If spent a whole weekend together with my friends I would probably come back to work with some new personality traits when it comes to either my body language, choice of words or talking pace. I have realised that I’m a real parrot when it comes to friends and if I have been with someone for an intense period of time I’m most likely to copy some of my friend’s behaviour and personality traits.
A weekend with Maria makes me walk with my hands intertwined on my back or an intense work week with Linn makes me use hand gestures to a greater extent and perhaps I will skip a little when I walk. Sometimes I feel I don’t have any traits of my own, ergo my parrot-like behaviour. Luckily when I hear my friend Alma copy my Eddie-Murphy laugh I know I got some for others to absorb.
This behaviour is called mirroring and is a non-verbal way to say “I like you, I feel the same”. People who mirror other people may not be as obvious as me but it’s a common behaviour amongst us all and we do it subconsciously. Smile – smile, frown – frown. You get the deal.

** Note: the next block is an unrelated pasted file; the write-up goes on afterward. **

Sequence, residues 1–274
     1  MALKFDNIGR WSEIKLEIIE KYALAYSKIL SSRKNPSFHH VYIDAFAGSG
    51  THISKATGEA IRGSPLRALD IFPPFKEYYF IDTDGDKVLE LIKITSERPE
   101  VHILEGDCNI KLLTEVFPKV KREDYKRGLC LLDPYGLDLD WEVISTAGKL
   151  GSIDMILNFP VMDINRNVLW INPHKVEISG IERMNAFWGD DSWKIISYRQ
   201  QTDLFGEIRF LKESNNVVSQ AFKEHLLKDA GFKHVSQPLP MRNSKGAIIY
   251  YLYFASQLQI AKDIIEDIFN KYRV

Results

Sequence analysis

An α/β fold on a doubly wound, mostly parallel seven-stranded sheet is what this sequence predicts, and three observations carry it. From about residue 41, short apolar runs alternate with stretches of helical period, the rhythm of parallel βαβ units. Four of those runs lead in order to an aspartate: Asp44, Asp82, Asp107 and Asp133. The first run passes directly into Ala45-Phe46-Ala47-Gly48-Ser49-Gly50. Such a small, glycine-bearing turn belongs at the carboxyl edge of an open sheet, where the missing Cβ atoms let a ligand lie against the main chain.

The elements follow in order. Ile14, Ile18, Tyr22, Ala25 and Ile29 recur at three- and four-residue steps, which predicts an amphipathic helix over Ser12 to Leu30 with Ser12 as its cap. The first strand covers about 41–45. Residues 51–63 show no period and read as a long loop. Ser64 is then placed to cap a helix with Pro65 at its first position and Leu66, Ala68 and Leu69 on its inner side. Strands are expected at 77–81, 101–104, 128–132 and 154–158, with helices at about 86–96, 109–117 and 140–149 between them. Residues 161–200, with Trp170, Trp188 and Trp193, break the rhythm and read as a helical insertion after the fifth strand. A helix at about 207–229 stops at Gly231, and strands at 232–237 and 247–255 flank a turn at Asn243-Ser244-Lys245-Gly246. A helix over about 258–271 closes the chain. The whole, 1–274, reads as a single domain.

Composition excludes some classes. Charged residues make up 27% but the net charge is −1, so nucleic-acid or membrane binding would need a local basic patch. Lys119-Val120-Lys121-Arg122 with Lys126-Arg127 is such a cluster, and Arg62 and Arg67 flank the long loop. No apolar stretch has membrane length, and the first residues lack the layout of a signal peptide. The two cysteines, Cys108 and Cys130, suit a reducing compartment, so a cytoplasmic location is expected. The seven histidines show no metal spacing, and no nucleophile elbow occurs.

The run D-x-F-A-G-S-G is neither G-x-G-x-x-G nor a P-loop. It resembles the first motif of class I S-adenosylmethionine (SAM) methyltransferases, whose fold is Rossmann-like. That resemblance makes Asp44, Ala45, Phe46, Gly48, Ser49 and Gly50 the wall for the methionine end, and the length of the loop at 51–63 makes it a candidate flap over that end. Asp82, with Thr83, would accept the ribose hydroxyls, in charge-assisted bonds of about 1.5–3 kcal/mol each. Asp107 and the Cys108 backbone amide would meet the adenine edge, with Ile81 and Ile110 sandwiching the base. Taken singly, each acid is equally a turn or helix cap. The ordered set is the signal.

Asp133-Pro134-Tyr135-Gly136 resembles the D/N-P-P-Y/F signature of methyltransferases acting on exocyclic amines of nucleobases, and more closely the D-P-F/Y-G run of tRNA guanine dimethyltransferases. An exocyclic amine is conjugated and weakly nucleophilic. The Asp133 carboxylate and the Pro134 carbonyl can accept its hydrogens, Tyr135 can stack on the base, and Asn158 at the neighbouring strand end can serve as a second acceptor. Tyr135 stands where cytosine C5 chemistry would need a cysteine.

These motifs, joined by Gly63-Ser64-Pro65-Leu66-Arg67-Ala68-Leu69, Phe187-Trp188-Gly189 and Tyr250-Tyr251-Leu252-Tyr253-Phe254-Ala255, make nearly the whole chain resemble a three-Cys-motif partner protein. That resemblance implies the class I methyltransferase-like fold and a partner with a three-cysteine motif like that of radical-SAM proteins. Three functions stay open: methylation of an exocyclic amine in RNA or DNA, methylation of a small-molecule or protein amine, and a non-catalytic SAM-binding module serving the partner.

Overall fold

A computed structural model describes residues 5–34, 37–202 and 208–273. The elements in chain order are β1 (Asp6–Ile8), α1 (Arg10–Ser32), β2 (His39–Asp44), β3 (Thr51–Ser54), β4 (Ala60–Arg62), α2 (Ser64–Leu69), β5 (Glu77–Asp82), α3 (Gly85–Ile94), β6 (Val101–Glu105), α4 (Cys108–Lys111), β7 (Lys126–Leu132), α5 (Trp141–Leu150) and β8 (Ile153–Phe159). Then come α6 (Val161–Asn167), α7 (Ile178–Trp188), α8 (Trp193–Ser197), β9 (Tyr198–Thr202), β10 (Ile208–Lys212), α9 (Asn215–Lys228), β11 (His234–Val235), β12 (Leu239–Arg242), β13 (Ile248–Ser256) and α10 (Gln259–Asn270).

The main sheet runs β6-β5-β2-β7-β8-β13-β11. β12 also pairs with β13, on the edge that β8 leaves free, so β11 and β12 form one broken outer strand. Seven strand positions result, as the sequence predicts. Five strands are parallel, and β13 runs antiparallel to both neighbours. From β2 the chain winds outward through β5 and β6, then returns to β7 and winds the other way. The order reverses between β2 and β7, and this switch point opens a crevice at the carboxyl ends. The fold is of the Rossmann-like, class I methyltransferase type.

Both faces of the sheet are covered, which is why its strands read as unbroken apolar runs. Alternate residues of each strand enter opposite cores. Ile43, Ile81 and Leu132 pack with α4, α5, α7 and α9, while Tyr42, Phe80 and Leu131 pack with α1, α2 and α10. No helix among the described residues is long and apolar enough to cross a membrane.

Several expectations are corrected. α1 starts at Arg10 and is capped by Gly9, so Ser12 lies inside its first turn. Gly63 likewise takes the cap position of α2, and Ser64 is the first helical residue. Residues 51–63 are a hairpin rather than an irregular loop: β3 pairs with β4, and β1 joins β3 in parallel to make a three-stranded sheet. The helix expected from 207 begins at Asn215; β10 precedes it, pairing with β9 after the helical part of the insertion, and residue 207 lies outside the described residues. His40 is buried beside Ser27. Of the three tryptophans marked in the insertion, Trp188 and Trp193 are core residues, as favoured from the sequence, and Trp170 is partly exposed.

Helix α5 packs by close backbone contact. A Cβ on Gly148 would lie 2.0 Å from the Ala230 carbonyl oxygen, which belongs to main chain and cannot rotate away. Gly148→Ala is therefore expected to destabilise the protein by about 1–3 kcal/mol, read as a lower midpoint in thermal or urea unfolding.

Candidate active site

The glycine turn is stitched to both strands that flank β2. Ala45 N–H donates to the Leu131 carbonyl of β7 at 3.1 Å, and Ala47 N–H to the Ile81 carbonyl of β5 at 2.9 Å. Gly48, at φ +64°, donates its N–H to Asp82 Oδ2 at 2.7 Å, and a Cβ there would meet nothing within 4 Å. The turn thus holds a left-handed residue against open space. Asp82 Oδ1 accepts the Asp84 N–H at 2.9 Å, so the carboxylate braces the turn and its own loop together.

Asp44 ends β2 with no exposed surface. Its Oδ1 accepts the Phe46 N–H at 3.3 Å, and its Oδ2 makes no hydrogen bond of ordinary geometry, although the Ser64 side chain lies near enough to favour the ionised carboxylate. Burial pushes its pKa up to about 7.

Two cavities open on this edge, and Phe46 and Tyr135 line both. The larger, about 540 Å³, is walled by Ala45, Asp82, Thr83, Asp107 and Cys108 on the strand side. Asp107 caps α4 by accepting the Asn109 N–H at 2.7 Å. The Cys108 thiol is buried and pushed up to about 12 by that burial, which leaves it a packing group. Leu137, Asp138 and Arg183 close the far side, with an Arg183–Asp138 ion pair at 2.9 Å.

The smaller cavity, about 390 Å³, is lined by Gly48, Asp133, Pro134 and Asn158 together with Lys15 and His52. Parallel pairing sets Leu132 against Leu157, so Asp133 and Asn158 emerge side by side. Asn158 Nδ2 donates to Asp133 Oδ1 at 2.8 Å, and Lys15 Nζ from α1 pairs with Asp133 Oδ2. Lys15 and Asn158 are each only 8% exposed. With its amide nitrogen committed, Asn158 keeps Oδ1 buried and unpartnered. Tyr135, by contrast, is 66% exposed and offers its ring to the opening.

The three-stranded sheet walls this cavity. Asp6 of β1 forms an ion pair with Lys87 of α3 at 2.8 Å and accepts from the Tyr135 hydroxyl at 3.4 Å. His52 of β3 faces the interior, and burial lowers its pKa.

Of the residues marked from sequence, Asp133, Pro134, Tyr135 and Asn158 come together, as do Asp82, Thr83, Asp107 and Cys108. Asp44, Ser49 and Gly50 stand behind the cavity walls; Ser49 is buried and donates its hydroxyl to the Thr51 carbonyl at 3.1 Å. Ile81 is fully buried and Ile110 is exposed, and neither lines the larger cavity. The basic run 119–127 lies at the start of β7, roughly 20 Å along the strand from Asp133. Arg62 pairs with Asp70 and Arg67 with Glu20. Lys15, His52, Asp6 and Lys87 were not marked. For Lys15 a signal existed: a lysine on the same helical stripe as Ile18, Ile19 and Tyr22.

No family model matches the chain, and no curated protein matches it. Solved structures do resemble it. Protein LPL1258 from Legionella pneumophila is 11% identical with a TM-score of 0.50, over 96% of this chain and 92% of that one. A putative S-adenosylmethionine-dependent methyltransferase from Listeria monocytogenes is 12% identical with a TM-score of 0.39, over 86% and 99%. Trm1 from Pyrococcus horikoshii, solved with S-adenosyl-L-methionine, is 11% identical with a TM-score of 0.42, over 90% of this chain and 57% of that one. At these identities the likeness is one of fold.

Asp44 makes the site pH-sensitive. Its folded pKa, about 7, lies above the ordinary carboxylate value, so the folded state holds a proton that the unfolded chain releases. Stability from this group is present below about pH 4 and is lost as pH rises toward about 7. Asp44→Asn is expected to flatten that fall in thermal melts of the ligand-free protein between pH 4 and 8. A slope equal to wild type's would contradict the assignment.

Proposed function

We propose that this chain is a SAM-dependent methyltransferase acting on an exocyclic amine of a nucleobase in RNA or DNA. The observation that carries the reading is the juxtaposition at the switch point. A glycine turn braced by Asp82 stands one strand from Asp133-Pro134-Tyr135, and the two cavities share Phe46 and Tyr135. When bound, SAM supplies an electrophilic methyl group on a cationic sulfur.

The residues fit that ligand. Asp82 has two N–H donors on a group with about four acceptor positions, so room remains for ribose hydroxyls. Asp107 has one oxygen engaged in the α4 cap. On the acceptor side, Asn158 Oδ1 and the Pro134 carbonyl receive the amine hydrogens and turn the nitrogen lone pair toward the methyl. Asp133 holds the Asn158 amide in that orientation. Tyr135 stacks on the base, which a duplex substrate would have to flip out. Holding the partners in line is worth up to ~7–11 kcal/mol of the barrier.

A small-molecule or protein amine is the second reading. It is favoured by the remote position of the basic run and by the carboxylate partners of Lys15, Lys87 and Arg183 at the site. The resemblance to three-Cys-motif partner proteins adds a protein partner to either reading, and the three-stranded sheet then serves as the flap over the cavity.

Did you know that there is a concept called “Dancing brains”? In my opinion the sincerest form of mirroring. I read about it in the book “Choose right – A guide to great decisions*” by Katarina Gospic and she describes it as when two people are connected and close, their mirror neurones dances with each other. Like a cobra who follow the snake-charmers flute, as she puts it, people can be in crazy harmony flawlessly following each other’s movements with their bodies and minds. It’s kind of a beautiful thought how our brains dance together when we feel connected.
I don’t know about you but I feel like dancing after writing this.
* The Swedish title: Välj rätt – En guide till bra beslut, Katarina Gospic. A great read about our amazing brains. She makes brain science sound like child play.